Friday, December 29, 2006

WI Healthcare Primer

The Wisconsin Policy Research Institute has a good overview of the coming healthcare reform debate. I think it is important to understand that one major reason for the increasing cost of healthcare is that the historical insurance model began as a means to insure the hospitals and doctors were paid for their services. In other words, from the beginning the focus of third party financing has been on the right of the providers to be paid.

Wisconsin Healthcare Cost Primer (pdf): How did the Wisconsin health care consumer become a passive cog in a very expensive machine? Interestingly, the answer has its roots in the Great Depression when health care consumers were divorced from decisions about spending on their health. Hospitals, hit hard by the Great Depression, rushed to embrace plans for prepaid health care as a way to survive. In 1939 the American Hospital Association began allowing plans that met its standards to use the Blue Cross name and logo. State legislatures agreed not to treat Blue Cross plans as insurance, based on the rationale that they were owned by hospitals. This permitted Blue Cross plans to operate as non-profit corporations, escaping the 2% to 3% premiums generally charged private insurance companies, and exempted them from insurance company reserve requirements.

Worried that the hospitals would expand the Blue Cross concept into physician services, physicians began thinking about their own organization. By 1946 all of the prepaid physician services plans had affiliated and became known as Blue Shield. Since the primary concern of the early Blue Cross and Blue Shield plans was to ensure that hospitals and physicians were paid, the plans covered all costs, and everyone in the same geographic area paid the same price. This encouraged patients and their doctors to use medical care without worrying about costs. …

Two clear choices face those who would shape future U.S. health care policy. Continuing to follow old habits of layered regulation, third party payment, and increasing government control will continue the current cost spiral and the recent deterioration in patient care. To protect a bankrupt Medicare program, government involvement will be extended into every nook and cranny of U.S. medical care. The regulatory overload will end private medicine and encourage those who can afford it to purchase their health care abroad.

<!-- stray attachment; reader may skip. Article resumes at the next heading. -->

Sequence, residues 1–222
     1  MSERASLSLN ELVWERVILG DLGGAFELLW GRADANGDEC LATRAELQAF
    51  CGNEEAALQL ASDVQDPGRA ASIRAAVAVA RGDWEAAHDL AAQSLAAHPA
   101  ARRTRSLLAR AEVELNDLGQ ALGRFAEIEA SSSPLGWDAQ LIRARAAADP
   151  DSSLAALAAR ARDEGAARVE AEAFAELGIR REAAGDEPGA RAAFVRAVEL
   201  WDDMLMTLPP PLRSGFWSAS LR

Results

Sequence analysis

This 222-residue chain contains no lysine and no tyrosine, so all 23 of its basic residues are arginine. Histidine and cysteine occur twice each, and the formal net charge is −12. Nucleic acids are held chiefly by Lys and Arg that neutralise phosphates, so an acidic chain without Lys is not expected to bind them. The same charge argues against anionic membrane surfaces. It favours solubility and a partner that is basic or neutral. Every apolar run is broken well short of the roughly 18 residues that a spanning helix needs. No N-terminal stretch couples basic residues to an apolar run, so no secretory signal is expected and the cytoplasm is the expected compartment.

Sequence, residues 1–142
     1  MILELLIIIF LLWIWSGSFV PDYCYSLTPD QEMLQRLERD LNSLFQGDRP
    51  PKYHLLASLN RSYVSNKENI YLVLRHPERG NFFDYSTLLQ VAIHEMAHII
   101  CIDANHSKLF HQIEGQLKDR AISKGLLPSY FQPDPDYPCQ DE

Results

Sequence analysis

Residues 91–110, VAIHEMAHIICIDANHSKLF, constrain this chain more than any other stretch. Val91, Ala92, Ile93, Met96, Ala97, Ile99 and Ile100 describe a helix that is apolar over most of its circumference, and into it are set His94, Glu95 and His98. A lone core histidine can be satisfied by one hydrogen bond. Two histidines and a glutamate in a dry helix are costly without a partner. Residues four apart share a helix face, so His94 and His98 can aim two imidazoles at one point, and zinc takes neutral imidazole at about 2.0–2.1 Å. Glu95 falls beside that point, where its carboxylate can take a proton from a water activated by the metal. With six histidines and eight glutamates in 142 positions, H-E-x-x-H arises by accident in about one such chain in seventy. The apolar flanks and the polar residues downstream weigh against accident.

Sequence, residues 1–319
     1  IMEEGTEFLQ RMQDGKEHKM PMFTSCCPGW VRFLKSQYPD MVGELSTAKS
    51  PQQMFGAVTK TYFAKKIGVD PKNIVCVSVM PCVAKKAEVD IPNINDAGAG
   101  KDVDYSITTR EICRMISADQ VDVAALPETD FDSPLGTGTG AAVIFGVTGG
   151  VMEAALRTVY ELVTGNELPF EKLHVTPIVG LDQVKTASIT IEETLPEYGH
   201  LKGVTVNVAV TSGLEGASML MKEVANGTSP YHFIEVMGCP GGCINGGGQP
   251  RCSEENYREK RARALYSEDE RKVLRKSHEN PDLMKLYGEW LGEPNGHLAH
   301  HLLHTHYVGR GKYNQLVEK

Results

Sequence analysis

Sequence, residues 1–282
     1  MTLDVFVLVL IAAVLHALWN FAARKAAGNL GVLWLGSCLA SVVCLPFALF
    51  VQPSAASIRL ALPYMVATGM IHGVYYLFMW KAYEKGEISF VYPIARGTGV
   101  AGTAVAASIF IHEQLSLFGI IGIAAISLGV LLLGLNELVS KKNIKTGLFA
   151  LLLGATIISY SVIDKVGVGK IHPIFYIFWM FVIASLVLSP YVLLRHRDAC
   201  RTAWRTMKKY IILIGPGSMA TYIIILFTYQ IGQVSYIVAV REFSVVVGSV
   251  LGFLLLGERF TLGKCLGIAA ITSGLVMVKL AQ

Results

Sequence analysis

The other choice is to deregulate, returning insurance to its traditional role as protection against bankruptcy and promoting savings to pay for the higher health expenses that generally accompany old age. Let consumers spend their own money on health care, free of interference from professors with statistical studies and bureaucrats with specific notions of how people ought to behave. This is the choice that has the potential to stop the cost spiral, lower costs, and provide better health care for all Americans.

Americans can be good value consumers, but the medical community has successfully positioned themselves as deserving to be above market demand because of their special knowledge. Admittedly, medicine has increasingly shifted from a diagnostic to a therapeutic service and pricing should reflect the quality of service, but medicine is still fundamentally a commercial exchange, as opposed to a social entitlement, and consumer market forces need to come back into play.